LSU Law Hosts Symposium on Presidential Power and Terrorism, November 9

Members of the LSU community gathered on November 9 to hear Law Center professors discuss the constitutionality of detention, interrogation techniques, and trial of terrorism suspects. The symposium was held in conjunction with Alumni Reunion Weekend at the Law Center.
The free symposium, titled Presidential Power and Terrorism: Detention, Interrogation and Trial, featured Law Professors John Baker, Ed Richards, and John Devlin. The trio discussed the legal issues posed by detention, interrogation, and trial of terrorist suspects and how these challenge our common understanding of the rule of law.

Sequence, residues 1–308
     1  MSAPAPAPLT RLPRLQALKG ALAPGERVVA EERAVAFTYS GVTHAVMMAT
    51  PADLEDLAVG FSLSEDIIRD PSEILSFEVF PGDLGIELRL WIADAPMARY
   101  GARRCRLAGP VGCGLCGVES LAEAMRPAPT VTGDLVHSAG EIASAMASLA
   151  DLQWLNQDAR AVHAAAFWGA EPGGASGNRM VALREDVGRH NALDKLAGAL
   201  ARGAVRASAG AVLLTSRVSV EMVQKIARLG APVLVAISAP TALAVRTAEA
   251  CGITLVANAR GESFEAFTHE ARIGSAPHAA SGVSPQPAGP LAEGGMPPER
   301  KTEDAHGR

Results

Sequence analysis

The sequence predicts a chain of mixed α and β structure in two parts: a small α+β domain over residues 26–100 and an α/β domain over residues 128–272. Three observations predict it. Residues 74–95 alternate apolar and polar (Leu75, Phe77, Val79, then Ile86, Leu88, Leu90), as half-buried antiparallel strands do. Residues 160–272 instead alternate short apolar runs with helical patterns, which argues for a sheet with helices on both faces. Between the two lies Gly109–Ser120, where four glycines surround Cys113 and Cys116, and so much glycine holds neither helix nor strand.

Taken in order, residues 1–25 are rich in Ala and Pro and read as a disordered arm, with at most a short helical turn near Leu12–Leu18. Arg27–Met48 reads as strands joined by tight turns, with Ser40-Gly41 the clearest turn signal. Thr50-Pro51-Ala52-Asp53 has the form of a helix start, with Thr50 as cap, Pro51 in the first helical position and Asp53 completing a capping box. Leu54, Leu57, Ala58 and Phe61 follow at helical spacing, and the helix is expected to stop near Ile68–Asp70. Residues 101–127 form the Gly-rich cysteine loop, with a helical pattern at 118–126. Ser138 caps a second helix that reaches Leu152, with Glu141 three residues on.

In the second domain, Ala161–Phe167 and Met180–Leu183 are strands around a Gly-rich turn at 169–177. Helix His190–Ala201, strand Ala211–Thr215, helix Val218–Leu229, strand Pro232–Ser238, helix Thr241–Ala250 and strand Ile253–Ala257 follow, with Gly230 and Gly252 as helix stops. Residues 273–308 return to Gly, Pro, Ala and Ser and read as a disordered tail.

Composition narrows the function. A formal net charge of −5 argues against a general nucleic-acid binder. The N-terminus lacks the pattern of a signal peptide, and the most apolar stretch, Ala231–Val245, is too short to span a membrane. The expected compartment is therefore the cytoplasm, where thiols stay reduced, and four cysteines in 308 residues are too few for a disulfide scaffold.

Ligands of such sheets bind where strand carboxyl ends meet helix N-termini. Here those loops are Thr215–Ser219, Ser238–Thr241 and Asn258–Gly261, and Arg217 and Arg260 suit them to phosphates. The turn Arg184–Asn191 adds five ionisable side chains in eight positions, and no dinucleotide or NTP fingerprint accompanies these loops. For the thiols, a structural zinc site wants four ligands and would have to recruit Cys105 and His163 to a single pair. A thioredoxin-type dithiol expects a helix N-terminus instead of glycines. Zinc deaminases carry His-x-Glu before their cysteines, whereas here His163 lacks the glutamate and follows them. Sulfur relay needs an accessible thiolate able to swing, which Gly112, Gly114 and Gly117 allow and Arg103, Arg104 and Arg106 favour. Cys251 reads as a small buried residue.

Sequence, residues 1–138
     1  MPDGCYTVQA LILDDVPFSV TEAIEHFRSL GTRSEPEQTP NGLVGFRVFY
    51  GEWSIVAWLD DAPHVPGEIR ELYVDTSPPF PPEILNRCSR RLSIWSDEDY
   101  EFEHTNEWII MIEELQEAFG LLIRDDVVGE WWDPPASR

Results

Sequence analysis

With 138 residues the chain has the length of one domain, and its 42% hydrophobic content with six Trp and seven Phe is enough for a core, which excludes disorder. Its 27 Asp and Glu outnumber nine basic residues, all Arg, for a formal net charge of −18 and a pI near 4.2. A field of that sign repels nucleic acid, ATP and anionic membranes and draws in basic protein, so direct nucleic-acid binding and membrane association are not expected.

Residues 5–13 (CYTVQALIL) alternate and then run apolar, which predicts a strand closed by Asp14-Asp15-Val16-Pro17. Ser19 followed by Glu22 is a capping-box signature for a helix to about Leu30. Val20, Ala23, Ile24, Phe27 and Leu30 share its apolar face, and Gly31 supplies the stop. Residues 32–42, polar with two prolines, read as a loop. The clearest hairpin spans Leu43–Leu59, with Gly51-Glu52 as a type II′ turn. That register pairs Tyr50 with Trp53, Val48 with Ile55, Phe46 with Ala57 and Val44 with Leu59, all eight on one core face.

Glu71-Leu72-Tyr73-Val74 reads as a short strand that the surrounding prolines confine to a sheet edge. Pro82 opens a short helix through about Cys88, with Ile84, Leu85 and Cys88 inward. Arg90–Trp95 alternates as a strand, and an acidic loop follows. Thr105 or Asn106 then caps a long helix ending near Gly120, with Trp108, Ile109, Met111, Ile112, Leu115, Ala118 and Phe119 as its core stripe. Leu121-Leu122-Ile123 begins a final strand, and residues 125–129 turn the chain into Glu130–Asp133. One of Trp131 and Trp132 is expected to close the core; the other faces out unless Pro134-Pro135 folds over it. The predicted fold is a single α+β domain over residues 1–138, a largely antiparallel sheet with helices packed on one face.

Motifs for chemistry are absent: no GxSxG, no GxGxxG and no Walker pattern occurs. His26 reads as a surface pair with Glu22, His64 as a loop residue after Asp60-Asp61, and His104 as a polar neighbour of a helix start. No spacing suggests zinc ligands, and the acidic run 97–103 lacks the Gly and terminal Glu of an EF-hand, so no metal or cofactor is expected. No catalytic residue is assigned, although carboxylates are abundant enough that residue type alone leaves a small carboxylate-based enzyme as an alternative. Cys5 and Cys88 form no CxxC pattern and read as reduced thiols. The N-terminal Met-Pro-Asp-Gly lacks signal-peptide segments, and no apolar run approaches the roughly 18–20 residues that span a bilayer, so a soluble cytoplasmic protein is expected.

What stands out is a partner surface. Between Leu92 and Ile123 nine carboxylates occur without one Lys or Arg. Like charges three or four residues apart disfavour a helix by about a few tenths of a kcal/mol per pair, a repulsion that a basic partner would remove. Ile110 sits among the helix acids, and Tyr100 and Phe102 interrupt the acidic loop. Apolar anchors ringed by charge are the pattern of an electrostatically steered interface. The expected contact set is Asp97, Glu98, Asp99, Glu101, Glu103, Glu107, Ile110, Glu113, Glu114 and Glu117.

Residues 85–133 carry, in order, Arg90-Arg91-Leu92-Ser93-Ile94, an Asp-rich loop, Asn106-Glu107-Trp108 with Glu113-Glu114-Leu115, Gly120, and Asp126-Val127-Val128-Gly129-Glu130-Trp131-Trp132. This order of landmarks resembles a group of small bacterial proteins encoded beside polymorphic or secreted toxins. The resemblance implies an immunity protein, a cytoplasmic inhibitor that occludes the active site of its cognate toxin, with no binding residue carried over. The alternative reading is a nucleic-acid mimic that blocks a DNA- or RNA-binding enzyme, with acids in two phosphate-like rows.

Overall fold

The terrorist attack on the United States on September 11, 2001 had profound consequences for the U.S. legal system, according to the presenters. After 9/11, these trends were suddenly reversed. Many young middle-Eastern men legally in the U.S. were seized and interrogated based on their religious status. Prisoners were captured in Iraq and Afghanistan in a conflict that did not fit the traditional definition of war recognized by the Genève Convention. The U.S. has been faced with issues regarding the legal and moral conditions for their confinement, interrogation, and trial.
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